Key Highlights:

Foodservice distribution delivery drivers earn average annual wages of $62,854, far exceeding the average for all U.S. workers at $49,630, according to 2016 Bureau of Labor Statistics. 

The difference is more striking when compared to similar positions with heavy and tractor-trailer truck drivers averaging $43,590 and light truck or delivery services drivers averaging $34,790. 

The trend continues when compared to other occupations: Construction Equipment Operators at $49,810, Roofers at $42,080, and Stonemasons at $43,650. 

The survey is based on data from 39 distributors representing 376 facilities. The report includes salary information for 15 different positions including: Class A CDL Route Delivery Driver (No Helper), Class A CDL Driver Route Delivery Driver (With Helper), Shuttle Driver, Class B CDL Route Delivery Driver, Diesel Mechanic, Dispatcher, Forklift Operator, Inventory Control Specialist, Loader, Maintenance Mechanic, Selector, Shipper/Receiver, Warehouse Team Leader, Warehouse Worker, and Yard Driver.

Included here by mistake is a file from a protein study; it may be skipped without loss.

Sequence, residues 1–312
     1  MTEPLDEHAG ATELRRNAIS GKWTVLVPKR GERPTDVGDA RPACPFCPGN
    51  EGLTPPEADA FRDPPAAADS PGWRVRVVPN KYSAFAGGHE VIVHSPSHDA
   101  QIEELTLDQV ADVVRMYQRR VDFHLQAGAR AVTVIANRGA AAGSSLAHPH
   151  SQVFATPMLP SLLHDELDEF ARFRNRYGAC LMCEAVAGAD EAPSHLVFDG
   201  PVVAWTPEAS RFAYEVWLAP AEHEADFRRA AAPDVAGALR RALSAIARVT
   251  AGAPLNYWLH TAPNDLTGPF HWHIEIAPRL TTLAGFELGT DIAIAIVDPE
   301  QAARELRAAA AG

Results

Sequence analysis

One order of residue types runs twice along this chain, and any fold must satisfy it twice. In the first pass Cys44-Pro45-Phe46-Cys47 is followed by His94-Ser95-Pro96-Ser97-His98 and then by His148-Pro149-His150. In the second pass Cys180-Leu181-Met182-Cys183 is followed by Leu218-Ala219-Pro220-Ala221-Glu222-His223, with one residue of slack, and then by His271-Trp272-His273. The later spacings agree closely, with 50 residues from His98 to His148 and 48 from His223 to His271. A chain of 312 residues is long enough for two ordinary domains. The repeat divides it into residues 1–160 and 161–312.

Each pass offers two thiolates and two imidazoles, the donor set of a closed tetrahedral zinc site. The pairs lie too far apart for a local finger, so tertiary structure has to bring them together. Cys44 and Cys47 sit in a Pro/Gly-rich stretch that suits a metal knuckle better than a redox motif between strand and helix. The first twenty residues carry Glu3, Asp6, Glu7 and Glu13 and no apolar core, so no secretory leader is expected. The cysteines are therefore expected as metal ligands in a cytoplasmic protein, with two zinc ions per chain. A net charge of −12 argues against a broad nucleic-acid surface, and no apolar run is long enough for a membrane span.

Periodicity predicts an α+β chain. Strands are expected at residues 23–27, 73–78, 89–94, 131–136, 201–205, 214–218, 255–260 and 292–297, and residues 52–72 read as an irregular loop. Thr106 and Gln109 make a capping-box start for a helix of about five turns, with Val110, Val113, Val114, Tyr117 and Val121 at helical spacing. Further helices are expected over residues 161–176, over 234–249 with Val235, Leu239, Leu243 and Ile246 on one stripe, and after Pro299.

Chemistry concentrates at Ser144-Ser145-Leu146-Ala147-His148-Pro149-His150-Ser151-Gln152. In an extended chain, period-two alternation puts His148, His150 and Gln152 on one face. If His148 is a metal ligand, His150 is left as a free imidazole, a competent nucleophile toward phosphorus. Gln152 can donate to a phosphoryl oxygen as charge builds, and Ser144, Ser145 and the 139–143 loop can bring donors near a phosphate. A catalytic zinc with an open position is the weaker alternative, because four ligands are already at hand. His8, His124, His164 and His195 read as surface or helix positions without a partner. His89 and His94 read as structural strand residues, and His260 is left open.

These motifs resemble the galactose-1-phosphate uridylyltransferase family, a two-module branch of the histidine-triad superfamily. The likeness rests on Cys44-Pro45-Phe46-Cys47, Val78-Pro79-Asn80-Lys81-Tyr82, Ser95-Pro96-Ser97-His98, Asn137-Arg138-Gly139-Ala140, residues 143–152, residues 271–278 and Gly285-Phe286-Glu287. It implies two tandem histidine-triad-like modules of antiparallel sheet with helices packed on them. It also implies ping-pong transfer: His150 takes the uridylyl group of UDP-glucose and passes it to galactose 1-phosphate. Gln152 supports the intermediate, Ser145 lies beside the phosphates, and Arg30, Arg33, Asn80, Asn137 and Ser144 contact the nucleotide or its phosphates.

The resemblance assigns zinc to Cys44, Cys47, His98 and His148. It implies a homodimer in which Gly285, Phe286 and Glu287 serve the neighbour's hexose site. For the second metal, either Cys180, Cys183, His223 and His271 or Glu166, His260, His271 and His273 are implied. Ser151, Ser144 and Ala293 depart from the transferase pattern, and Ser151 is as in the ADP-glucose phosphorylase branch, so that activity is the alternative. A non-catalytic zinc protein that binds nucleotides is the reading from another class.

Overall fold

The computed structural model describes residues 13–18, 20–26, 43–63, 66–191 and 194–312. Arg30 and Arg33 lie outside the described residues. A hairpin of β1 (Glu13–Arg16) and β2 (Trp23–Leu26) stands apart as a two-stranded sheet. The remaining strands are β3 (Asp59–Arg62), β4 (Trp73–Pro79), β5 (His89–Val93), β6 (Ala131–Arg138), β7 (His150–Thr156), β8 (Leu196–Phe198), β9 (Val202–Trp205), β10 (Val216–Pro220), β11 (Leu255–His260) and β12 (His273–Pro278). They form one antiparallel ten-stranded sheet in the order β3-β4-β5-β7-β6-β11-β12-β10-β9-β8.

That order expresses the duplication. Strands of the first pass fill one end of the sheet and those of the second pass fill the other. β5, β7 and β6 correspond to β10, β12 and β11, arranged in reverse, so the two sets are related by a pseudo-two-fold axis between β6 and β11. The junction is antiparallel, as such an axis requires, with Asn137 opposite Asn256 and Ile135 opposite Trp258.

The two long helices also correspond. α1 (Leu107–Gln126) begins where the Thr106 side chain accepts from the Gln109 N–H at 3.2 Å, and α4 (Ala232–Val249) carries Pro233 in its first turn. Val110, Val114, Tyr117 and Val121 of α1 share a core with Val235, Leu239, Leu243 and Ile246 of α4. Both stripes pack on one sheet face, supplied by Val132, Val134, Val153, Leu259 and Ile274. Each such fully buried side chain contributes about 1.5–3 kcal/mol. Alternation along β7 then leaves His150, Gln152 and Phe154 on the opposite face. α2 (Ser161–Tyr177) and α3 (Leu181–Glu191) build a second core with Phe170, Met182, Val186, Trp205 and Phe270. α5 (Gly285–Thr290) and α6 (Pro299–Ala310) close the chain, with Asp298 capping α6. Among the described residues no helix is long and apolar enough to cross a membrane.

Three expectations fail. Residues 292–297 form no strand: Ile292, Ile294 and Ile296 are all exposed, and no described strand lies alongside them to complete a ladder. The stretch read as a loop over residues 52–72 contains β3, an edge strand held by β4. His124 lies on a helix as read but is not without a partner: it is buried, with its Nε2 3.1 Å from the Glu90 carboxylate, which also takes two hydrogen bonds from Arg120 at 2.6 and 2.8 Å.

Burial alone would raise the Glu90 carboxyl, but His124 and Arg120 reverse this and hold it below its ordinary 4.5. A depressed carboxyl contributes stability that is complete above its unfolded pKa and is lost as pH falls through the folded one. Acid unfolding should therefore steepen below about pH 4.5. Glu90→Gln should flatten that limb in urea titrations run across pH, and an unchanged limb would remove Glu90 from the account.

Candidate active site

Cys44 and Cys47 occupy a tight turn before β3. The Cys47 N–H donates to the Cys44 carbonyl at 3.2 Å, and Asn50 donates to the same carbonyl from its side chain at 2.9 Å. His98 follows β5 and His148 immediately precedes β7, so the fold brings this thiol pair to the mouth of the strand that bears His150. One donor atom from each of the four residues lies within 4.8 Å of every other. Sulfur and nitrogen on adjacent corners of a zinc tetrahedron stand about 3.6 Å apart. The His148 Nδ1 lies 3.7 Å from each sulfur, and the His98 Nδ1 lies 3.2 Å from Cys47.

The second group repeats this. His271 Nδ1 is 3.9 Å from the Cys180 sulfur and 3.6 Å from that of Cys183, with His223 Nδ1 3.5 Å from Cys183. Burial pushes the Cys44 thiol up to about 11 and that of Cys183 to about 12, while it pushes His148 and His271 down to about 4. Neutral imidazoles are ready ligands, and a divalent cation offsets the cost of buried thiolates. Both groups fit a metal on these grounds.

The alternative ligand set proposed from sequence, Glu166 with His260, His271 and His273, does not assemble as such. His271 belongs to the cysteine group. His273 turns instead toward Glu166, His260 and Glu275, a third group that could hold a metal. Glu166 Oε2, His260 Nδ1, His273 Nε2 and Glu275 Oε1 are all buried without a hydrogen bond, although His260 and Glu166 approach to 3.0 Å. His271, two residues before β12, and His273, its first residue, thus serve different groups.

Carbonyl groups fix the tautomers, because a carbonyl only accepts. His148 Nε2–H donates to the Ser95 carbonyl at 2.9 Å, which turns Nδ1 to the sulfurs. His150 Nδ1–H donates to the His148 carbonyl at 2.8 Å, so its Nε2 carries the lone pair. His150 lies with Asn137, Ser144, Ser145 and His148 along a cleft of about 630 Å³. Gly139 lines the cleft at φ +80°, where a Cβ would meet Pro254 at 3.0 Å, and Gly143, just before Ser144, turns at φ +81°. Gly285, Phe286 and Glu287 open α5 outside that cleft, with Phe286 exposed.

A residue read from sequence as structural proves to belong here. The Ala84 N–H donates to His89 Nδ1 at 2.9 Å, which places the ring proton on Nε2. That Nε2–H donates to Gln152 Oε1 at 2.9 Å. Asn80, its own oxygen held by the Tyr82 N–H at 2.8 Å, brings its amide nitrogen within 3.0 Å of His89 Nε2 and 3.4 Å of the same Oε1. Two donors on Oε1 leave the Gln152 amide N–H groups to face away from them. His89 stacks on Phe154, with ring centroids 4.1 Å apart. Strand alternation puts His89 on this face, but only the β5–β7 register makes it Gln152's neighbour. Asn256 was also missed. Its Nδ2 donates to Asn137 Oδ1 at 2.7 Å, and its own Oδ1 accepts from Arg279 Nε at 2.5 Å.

QSR Market Survey Trends

Technavio’s latest market research report on the global quick-service restaurants market provides an analysis of the most important trends expected to impact the market outlook from 2017-2021. Technavio defines an emerging trend as a factor that has the potential to significantly impact the market and contribute to its growth or decline.

Growing innovation and customization in food menu is driving the demand for quick-service restaurants in the global market. The rising importance of diet, food allergy, irrespective of medical condition or nourishment confinement, or weight reduction plan is propelling the need for customization in the food industry.